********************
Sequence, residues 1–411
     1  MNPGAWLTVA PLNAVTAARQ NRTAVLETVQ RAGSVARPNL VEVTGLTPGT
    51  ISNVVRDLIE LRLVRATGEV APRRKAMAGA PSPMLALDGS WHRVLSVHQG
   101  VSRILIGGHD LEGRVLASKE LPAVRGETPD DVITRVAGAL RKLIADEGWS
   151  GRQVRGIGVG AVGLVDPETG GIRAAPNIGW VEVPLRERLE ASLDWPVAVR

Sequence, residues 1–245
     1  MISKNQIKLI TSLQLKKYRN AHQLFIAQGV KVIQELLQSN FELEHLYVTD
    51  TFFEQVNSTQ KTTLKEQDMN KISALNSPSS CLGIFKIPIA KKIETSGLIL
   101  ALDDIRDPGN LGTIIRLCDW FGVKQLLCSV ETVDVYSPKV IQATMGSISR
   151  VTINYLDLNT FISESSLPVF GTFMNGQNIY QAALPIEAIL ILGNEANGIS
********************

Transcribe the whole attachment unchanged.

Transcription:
Sequence, residues 1–411
     1  MNPGAWLTVA PLNAVTAARQ NRTAVLETVQ RAGSVARPNL VEVTGLTPGT
    51  ISNVVRDLIE LRLVRATGEV APRRKAMAGA PSPMLALDGS WHRVLSVHQG
   101  VSRILIGGHD LEGRVLASKE LPAVRGETPD DVITRVAGAL RKLIADEGWS
   151  GRQVRGIGVG AVGLVDPETG GIRAAPNIGW VEVPLRERLE ASLDWPVAVR

Sequence, residues 1–245
     1  MISKNQIKLI TSLQLKKYRN AHQLFIAQGV KVIQELLQSN FELEHLYVTD
    51  TFFEQVNSTQ KTTLKEQDMN KISALNSPSS CLGIFKIPIA KKIETSGLIL
   101  ALDDIRDPGN LGTIIRLCDW FGVKQLLCSV ETVDVYSPKV IQATMGSISR
   151  VTINYLDLNT FISESSLPVF GTFMNGQNIY QAALPIEAIL ILGNEANGIS